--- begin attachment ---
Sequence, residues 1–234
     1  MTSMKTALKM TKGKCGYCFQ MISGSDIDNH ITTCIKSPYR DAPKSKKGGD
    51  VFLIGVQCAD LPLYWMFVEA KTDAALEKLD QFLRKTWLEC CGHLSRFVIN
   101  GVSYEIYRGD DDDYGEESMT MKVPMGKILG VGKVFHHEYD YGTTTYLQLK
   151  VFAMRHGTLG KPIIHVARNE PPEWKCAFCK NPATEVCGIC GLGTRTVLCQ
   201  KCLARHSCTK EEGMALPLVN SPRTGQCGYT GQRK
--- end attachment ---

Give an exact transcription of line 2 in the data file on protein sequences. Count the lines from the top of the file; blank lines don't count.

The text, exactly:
     1  MTSMKTALKM TKGKCGYCFQ MISGSDIDNH ITTCIKSPYR DAPKSKKGGD